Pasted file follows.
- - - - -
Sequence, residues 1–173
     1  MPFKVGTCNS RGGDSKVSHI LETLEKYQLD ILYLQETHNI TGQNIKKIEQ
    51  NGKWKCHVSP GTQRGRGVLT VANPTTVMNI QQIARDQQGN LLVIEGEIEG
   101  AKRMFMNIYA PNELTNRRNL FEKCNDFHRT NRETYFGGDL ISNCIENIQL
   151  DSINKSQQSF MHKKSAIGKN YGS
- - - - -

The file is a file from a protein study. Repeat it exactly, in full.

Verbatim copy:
Sequence, residues 1–173
     1  MPFKVGTCNS RGGDSKVSHI LETLEKYQLD ILYLQETHNI TGQNIKKIEQ
    51  NGKWKCHVSP GTQRGRGVLT VANPTTVMNI QQIARDQQGN LLVIEGEIEG
   101  AKRMFMNIYA PNELTNRRNL FEKCNDFHRT NRETYFGGDL ISNCIENIQL
   151  DSINKSQQSF MHKKSAIGKN YGS